So as a part of the rhythm of action and contemplation, I believe there are five practices we can engage. These will help us to discern what God is already up to in our world and will guard us from becoming that which we detest. We practice these disciplines not because we believe that it is by our efforts alone that change happens, but because we trust that when we open up space, God’s Spirit will come in and do the transformative work in us and through us. Many of these practices are passive and not actively making justice happen. They do, however, serve the imperative role of grounding our actions towards justice. The quiet rhythms of our lives must be supportive of the active rhythms of our lives.

1. One of the most foundational practices is silence. It helps us to listen more than to speak both in our prayers and in our engagement with others. Silence creates the conditions for justice to unfold, as well as, prevents us from running over people with our speech, which could easily become another form of violence.

2. The second discipline I recommend is that we practice lectio divina with people who hold beliefs contrary to ours. This is not the same as studying and dissecting scripture; rather it’s a way of listening to and noticing what God is up to in the text, in the lives of other people, and in the world. Dwelling with individuals who offer a diversity of perspectives will open us up to their voices and will assist us at other points as we seek to have challenging discourses concerning social issues (as we seek to create “positive peace,” McCarty). And hopefully, in turn, it will open them up to our viewpoints and understandings. We do not necessarily need to dwell in the traditional gender texts or hot button texts together. We simply should practice being in a variety places in scripture with people other than our likeminded friends.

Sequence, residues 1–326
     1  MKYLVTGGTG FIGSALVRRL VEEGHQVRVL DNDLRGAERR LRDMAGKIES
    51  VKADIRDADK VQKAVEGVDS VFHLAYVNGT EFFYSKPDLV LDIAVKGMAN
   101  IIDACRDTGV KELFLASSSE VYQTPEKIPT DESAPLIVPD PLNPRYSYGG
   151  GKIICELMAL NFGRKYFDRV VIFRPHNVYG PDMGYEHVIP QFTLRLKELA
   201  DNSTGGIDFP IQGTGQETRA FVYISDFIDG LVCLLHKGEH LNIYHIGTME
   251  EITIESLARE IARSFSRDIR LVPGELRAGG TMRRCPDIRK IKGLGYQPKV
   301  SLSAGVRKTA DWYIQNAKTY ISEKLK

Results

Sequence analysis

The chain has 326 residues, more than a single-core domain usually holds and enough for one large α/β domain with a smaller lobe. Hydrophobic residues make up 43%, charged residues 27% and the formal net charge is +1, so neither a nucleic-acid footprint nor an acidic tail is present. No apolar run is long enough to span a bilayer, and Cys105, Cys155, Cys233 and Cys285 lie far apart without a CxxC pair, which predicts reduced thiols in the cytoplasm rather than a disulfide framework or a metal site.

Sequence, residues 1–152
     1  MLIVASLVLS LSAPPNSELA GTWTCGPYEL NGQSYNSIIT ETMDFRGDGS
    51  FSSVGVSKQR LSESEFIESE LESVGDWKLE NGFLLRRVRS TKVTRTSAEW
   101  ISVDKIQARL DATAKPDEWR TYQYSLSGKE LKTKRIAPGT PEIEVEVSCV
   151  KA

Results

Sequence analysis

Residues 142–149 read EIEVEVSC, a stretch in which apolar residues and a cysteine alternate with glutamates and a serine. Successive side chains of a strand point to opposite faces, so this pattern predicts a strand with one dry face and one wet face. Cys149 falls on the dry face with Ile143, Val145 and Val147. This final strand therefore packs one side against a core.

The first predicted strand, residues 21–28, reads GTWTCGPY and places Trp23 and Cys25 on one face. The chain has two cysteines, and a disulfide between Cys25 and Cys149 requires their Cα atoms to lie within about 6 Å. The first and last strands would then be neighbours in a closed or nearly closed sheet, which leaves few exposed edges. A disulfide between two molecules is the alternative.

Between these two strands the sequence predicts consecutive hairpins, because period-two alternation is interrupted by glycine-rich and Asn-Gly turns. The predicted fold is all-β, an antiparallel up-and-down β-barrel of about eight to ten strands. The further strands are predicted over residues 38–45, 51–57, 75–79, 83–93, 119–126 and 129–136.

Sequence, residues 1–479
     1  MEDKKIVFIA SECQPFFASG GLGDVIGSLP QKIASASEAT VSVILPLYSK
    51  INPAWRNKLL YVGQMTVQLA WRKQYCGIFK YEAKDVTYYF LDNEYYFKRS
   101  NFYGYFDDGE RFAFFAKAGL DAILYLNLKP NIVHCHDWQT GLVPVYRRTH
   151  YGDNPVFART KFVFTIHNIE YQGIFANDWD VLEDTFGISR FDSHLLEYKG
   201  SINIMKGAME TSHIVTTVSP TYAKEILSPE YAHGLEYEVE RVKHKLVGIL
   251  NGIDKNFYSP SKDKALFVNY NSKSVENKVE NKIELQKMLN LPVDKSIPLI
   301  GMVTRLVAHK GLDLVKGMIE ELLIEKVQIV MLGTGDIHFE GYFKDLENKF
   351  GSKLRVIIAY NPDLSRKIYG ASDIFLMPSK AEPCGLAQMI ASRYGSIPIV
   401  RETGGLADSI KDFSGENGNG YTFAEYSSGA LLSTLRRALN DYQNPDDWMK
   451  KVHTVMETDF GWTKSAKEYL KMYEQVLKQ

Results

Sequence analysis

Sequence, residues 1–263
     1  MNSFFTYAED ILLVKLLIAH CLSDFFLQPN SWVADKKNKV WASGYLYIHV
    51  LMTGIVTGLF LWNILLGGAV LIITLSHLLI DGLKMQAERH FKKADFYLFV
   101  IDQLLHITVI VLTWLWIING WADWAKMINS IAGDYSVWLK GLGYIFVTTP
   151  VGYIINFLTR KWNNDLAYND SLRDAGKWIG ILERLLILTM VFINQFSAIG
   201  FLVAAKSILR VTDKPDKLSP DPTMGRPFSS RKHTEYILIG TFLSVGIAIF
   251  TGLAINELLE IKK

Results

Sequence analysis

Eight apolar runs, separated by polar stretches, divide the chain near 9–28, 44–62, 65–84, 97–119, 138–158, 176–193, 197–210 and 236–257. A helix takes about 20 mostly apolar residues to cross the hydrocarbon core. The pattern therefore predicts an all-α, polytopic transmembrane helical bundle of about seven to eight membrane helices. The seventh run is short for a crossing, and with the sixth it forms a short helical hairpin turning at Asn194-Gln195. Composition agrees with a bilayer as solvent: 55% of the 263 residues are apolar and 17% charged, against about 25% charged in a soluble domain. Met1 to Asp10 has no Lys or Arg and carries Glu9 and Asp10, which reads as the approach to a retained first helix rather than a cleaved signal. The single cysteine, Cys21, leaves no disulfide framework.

3. Another habit is the regular rhythm of Sabbath, where we stop our anxious busyness and recognize that we are not God. Sabbath is an intentional relinquishment of power, and a valuable routine in a world where the temptation for power is fierce and palpable. Sometimes overlooked, the command of Sabbath in the Old Testament had direct social implications, for they were to give their slaves, aliens, and animals rest, so that they too might be refreshed. And this causes me to wonder what we might have to discover today about the direct social implications of Sabbath rest.

4. The fourth discipline is the prayer of the examen that is often practiced each evening. It’s a prayer that prompts us to notice our consolations and desolations from the day. The examen helps us to see patterns of where we are both giving and receiving life and death in our world and is useful in detecting how we are being formed as we engage God’s work of justice.